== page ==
Renoprotective effects of clarithromycin via reduction of urinary MCP-1 levels in type 2 diabetic patients

Atsuhito Tone, Kenichi Shikata, Koichi Nakagawa, Masaaki Hashimoto, Hirofumi Makino

Research output: Contribution to journalArticlepeer-review

4 Citations (Scopus)


Background: Recent studies have shown the involvement of microinflammation in the pathogenesis of diabetic nephropathy. We previously demonstrated that erythromycin, one of the macrolides, ameliorated renal injury via anti-inflammatory effects in experimental diabetic rats. We conducted an open randomized controlled pilot study to investigate the renoprotective effect of clarithromycin for diabetic nephropathy in type 2 diabetic patients manifesting albuminuria. Methods: Sixteen patients were randomly assigned to the control (n = 8) or the CAM group in which they received 200 mg/day of clarithromycin (n = 8). At the beginning of the study and after 3 months of investigation, the following parameters were assessed: urinary albumin creatinine ratio (ACR), the levels of serum MCP-1, soluble ICAM-1, IL-18, IL-6 and hs-CRP, and the levels of urinary MCP-1 and IL-18. Results: The changes in urinary ACR were significantly improved (P = 0.039), and serum creatinine levels showed a decreasing trend (P = 0.053) in the CAM group compared with the control group. Urinary MCP-1 levels were significantly reduced in the clarithromycin-administrated group (P = 0.009). However, there was no significant difference in other proinflammatory markers. A significant positive correlation was obtained between the post-to-pre-urinary ACR and the post-to-pre-urinary MCP-1 ratio(r = 0.526, P = 0.043). In the CAM group, the changes of serum creatinine also showed a significant positive correlation with those of urinary ACR, urinary MCP-1, urinary IL-18 and serum levels of soluble ICAM-1. Conclusion: The results from our study suggest that clarithromycin may attenuate the production of renal MCP-1 in type 2 diabetic patients, resulting in amelioration of urinary ACR via anti-inflammatory effects. Modulation of microinflammation with clarithromycin may provide a new approach for diabetic nephropathy.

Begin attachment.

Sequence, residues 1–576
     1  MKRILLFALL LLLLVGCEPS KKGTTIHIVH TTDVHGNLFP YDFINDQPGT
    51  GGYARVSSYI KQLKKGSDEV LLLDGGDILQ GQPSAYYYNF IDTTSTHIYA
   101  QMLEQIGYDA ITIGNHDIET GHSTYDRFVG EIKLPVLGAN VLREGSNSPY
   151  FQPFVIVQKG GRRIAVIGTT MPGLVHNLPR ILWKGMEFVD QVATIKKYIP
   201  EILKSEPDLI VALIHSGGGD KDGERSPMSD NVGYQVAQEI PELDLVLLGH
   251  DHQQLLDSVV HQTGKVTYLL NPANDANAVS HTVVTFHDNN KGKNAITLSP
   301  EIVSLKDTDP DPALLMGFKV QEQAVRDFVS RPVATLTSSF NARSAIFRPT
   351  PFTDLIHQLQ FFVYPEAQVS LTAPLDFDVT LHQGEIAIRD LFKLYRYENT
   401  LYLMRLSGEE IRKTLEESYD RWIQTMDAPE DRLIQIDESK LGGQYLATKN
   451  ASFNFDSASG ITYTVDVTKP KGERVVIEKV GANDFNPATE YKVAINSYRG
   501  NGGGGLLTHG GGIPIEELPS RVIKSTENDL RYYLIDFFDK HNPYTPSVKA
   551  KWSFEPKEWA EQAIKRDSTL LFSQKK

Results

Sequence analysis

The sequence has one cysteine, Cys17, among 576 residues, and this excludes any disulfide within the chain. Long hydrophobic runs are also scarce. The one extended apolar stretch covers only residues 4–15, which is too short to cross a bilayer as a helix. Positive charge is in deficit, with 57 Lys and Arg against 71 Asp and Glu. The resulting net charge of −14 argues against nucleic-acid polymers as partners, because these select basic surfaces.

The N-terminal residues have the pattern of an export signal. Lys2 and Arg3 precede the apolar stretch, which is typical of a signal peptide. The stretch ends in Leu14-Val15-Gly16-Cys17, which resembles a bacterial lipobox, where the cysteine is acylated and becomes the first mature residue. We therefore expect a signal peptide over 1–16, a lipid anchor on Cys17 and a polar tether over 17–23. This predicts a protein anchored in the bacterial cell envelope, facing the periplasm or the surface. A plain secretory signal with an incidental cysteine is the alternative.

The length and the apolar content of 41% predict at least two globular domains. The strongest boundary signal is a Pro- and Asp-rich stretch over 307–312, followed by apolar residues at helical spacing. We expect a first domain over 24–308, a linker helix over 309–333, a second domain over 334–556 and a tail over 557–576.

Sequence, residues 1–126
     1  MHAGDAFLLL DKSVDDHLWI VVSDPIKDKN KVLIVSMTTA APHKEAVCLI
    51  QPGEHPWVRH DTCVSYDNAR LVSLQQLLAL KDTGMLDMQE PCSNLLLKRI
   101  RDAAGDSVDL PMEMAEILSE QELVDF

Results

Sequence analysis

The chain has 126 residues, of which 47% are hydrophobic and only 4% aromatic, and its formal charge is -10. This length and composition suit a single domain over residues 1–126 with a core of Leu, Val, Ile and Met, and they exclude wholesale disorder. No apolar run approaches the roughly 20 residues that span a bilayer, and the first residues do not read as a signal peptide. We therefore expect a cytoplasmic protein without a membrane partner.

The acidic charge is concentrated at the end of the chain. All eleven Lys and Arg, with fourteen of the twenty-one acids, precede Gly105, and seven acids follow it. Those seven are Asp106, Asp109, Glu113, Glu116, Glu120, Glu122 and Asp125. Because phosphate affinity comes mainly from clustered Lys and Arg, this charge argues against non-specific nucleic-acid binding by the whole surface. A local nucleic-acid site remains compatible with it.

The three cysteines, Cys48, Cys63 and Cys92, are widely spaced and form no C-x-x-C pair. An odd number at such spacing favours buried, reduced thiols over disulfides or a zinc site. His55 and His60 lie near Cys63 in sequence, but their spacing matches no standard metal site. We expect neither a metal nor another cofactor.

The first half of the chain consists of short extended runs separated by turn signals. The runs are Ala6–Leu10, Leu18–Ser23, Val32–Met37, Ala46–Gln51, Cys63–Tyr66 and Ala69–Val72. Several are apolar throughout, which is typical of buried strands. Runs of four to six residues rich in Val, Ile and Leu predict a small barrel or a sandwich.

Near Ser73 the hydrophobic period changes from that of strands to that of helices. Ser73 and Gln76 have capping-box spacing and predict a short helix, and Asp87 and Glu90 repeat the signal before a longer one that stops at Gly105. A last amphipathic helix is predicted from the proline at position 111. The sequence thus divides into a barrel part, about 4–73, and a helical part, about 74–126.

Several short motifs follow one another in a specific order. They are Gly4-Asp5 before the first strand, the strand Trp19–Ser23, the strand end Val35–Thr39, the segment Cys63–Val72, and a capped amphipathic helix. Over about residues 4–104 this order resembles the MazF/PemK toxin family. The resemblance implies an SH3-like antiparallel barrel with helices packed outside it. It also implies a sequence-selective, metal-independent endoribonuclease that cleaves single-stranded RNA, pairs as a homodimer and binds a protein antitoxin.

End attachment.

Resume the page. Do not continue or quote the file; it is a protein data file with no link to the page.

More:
Original languageEnglish
Pages (from-to)79-85
Number of pages7
JournalClinical and Experimental Nephrology
Issue number1
Publication statusPublished - Feb 2011


  • Clarithromycin
  • Diabetic nephropathy
  • MCP-1
  • Macrolide
  • Microinflammation

ASJC Scopus subject areas

  • Physiology
  • Nephrology
  • Physiology (medical)


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